By Audette Exel, Founder and Chair, The Adara Group
I blink, and 20 years has gone. That crazy idea – of setting up a corporate advisory business to fund service delivery to the poor – has become real.
Cooked up over months of Mollymook beach walks and mid-thirties soul-searching, and fed by a burning anger on behalf of the poor, here we are. Hubris and idiocy has been reinterpreted as vision and strategy. “Business for Purpose” is now almost mainstream. Adara has become the dream of thousands of volunteers and staff from one end of the planet to the other. It is their triumph, and my quiet pride. Nearly $40 million has been generated by our businesses and amazing donors, supporting hundreds of thousands of people in extreme poverty in some of the world’s remotest places. Investment bankers have stood hand-in-hand with development experts, reaching out to strangers they will never meet. Twenty years filled with heroes, with hope, with side-splitting laughter. And with disaster, with stress, with risk, with learning. Tears. Many tears.
It is a kaleidoscope of stories, of moments, of successes and missteps. Bats and rats. Child traffickers and street kids. Earthquakes. Crimean Congo Haemorrhagic Fever, Malaria, HIV/AIDS and the occasional Ebola scare. Latrines turned into goat sheds. Menstrual hygiene management. Mobile medical camps. Tibetan doctors. Maoist uprisings and market meltdowns. Cash flow crises. Making money advising on complex and sometimes conflict-ridden mandates for Australia’s largest companies. Remote schools filled with kids, so many of them girls, where there were none before. Our tiniest clients – the more than 1,000 premature and at-risk babies in the Uganda Adara-Kiwoko NICU we see every year. Every single one alive because of the effort, skill and love of so many. This is the joy and privilege of 20 years of Adara…of speaking out a dream, and watching people come from everywhere to make it manifest.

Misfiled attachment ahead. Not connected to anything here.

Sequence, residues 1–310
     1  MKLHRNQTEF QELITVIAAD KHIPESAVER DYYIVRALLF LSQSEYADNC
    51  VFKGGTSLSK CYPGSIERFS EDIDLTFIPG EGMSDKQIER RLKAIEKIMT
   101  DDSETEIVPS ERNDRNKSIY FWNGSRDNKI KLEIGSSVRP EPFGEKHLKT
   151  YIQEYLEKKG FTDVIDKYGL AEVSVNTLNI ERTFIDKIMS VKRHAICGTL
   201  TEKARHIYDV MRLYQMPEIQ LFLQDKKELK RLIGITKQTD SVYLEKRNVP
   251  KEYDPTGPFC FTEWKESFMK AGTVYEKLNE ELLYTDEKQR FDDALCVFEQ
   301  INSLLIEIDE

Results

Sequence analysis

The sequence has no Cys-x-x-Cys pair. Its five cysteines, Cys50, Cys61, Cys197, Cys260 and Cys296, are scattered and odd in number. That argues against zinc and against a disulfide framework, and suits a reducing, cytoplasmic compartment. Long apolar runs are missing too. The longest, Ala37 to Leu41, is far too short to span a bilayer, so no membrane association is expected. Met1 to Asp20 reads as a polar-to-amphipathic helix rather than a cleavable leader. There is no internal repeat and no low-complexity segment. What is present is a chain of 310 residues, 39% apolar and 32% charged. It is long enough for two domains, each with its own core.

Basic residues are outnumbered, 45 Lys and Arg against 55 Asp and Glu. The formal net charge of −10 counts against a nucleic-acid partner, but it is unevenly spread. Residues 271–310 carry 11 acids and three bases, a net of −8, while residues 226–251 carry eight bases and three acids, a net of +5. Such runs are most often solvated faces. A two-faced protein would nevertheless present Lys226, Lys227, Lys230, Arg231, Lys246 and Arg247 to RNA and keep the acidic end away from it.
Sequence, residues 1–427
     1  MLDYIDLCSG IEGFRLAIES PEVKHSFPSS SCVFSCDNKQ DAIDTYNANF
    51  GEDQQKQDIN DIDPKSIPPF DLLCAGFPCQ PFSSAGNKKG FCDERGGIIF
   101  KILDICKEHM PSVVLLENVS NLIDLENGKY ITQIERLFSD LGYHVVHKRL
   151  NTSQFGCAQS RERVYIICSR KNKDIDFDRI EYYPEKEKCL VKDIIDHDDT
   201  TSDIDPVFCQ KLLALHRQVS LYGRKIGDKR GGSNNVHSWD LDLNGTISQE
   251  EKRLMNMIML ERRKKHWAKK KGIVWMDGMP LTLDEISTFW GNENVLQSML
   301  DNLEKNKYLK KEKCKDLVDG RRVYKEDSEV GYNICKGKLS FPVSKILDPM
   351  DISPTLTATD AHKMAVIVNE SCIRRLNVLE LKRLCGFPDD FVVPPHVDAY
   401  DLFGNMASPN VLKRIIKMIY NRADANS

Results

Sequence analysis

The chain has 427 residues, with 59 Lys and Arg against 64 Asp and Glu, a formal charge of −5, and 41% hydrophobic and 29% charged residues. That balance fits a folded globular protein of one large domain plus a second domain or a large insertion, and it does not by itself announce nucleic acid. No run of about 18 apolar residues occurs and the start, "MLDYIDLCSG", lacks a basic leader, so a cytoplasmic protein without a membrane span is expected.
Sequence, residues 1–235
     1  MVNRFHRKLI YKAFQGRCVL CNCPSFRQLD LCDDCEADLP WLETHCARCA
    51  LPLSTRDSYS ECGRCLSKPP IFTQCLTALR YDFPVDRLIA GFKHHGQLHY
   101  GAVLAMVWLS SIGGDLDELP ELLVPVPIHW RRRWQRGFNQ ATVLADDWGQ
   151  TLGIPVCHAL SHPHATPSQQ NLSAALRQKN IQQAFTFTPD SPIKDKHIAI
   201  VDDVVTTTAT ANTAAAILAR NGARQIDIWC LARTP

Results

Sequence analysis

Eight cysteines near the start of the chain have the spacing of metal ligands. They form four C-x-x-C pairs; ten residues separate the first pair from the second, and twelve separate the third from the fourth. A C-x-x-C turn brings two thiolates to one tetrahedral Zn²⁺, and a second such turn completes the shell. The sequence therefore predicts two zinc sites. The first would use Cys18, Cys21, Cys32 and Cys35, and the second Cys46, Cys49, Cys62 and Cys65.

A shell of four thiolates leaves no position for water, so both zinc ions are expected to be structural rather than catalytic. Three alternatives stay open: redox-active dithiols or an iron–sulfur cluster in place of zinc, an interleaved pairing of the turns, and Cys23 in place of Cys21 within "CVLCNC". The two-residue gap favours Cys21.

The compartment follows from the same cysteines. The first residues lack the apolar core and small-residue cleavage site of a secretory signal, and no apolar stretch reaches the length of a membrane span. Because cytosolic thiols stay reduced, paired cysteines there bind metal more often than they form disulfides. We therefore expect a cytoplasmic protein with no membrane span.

We have watched the different motivations of people who give. Some who seek to be seen to give. Some who seek to feel good about giving. And a wonderful core, our incredible donor partners, who give to help, without attachment or ego. I have come to the awful realisation that money and a search for power can distort people’s highest moral values. And then that wonderful counterpoint – the sure knowledge that for the one person driven by greed or entitlement, there are a thousand more driven by courage and self-sacrifice. Ten thousand more. Adara is a story of personal hope. Of uprising. Of inspiration.
I transition from sitting on the ground with extraordinary villagers in Nepal listening to talk of women’s empowerment, to sitting at Board tables in Australia listening to talk of financial services. My head spins. Often.
It’s time to head back to Australia after another wonderful and intense visit to Uganda. On our last day, hours before we leave we wake to a scary text from Dan, our Country Director. His wife Susan has been rushed for an emergency caesarean after days of labour. We know that in Uganda, the birth of a child is the event most likely to take a woman’s life. Our Global Health Director, Heidi, drops everything and rushes to theatre to scrub in and help assist with the birth, side by side with a team of incredible Ugandan doctors and midwives. Some of the heroes of Kiwoko, Sister Christine Otai and Dr James Nyonyintono come running. We pace with Dan outside the unit. I want to cry, but I know that’s inappropriate. I can see that our Global Health Partnerships Manager, Brooke, is feeling the same way. Our job is to be strong. We sit with Dan’s mother, an Adara legend, who birthed 12 children and kept her entire family safe, hiding in the jungle during the civil war. She sits. We sit. Like so many others, in places far away, every day – the agonising wait.
And then, those wonderful words: “It’s a boy!”
Heidi emerges, eyes sparkling, with a tiny wee new life, and son meets father. Relief gives way to celebration. Susan is going to be fine. This strong, impressive woman has been saved by access to medical care that hundreds of millions of people do not have.
This is why we do what we do.
Twenty years of stories, and it all comes down to this one, new, beautiful, meaningful life.